Ammonium dichromate, a component of many fireworks, was demonstrated for its ability to create a dramatic, volcanic-like fire and crater. Several balloons (one inflated with hydrogen, one with oxygen, and one with a mixture of the two gases) were ignited to dramatic effect.
In a demonstration of “things that are cold” the audience learned that “dry ice” (frozen carbon dioxide) is -80 degrees centigrade or –150 degrees Fahrenheit and is commonly used to create smoke or fog in films and theatrical productions. Liquid Nitrogen fascinated one and all as it was dramatically splashed on the stage floor and used to quick-freeze roses and lettuce leaves which could then be easily crushed into a fine powder. The professor drew chuckles with the suggestion that this would be a good way to prepare tossed salads. Mentioning liquid nitrogen’s usefulness in invitro fertilization, he also described documented cases of gold fish frozen this way and yet able to swim away when defrosted! A more practical application, he went on, was the chemical’s ability to remove warts through freezing.
There followed several colorful and eye-catching tests for acids and bases. With his spectacles, gray hair and crisp white lab coat, the professor’s gentle and amusing manner with children made me wonder if he wouldn’t be a perfect candidate as host of a televised science series for children. Are you listening, PBS?
Also of considerable interest was the topic of lasers. In addition to learning they are the basis for such everyday items as the scanners in grocery stores and libraries, it was fascinating to learn that Albert Einstein’s work had established laser feasibility as early as 1915.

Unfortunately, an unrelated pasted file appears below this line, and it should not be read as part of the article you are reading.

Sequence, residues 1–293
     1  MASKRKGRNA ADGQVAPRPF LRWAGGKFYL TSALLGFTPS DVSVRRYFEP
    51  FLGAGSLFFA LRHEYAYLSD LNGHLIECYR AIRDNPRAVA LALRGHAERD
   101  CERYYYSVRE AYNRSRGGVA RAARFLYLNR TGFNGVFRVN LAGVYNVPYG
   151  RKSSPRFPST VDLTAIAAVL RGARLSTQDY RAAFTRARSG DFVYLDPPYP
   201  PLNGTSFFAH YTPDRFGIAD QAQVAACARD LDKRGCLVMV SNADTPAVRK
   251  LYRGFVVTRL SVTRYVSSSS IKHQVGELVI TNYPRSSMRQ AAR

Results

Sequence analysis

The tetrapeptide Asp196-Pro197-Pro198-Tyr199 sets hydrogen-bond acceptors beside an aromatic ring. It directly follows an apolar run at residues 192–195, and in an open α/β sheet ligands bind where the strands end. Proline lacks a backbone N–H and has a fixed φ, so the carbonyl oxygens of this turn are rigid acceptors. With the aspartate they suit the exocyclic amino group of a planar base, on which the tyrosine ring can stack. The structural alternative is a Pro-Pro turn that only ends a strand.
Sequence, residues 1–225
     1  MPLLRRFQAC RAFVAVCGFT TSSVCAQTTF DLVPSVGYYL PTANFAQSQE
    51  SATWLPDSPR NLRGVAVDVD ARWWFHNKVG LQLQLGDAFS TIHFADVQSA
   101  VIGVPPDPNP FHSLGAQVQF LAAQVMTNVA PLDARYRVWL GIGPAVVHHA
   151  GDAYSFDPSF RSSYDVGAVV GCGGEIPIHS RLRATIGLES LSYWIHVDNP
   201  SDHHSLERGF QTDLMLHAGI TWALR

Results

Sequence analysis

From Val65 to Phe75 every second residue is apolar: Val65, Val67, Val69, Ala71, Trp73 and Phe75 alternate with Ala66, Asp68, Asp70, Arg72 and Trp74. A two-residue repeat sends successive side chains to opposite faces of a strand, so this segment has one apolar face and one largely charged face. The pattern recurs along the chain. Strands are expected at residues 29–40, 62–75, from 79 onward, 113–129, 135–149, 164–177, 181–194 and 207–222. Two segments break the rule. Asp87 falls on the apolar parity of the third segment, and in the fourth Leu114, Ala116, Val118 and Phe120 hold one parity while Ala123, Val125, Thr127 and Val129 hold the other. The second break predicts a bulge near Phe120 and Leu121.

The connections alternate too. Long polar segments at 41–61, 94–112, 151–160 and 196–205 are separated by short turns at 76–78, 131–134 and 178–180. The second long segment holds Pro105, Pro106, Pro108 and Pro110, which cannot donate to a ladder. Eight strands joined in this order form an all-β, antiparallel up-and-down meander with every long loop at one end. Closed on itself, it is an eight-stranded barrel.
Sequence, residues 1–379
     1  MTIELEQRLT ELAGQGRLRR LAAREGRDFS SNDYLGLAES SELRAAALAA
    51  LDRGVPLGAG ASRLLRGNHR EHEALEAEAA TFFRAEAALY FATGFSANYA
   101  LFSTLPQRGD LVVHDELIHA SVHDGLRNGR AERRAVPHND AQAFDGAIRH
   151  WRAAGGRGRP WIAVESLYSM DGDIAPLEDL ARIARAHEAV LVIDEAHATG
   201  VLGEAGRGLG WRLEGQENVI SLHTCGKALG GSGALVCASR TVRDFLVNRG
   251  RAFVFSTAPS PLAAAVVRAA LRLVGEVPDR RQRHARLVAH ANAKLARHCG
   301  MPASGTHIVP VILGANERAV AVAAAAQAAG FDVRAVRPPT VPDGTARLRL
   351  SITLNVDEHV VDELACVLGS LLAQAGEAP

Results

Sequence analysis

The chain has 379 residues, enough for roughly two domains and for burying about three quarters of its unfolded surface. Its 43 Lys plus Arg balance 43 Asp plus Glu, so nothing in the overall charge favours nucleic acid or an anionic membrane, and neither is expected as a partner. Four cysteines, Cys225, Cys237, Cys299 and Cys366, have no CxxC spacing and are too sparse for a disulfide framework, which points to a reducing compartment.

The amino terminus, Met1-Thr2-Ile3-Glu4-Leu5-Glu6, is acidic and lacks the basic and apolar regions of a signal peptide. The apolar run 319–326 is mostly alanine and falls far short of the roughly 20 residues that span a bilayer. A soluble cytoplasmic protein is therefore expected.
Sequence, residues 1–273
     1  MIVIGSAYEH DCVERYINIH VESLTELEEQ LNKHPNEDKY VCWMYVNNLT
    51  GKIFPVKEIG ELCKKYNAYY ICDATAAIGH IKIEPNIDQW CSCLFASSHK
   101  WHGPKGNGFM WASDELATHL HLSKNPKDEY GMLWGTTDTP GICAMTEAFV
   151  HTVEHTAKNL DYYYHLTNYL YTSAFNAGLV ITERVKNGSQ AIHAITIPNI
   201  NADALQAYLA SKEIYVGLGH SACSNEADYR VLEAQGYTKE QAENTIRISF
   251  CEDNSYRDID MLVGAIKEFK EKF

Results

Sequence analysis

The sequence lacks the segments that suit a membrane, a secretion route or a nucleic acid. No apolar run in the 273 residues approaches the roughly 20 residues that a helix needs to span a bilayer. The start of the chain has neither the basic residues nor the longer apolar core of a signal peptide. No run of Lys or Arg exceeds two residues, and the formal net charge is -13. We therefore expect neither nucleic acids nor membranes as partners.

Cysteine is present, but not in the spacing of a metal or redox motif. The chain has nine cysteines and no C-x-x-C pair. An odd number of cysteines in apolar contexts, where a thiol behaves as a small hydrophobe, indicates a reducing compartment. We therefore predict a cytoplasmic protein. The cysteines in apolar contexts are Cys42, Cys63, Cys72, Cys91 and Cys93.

With Margrave’s assistants adding iodine and zinc to ammonium nitrate, a mystical iodine cloud was produced. It was pointed out that ammonium nitrate, in addition to its use in fertilizers, is a dangerous explosive and caused the Texas City ship explosion in 1947, which killed several hundred people.
The audience laughed along during a demonstration of the process for creating nylon. A seemingly endless strand continued to emerge while the professor explained that nylon’s 1930 discovery found no practical application until World War II when Japan cut off our supply of silk for parachutes and nylon was found to be a suitable substitute.
During the question and answer period that followed, area youngsters asked a variety of thought- provoking questions that should make CISD science educators proud of their impact. Margrave then suggested that some children might come to the stage to freeze a rose. Wondering aloud about the most orderly way for the youngsters to come on stage, his question was quickly answered as dozens of kids ran forward and scaled the stage wall. When last seen, Professor Margrave looked like he had more children than roses. I bet some had to settle for a frozen lettuce leaf, but certainly a good time was had by all.
(The Courier 8.11.99)
(The Villager 8.18.99)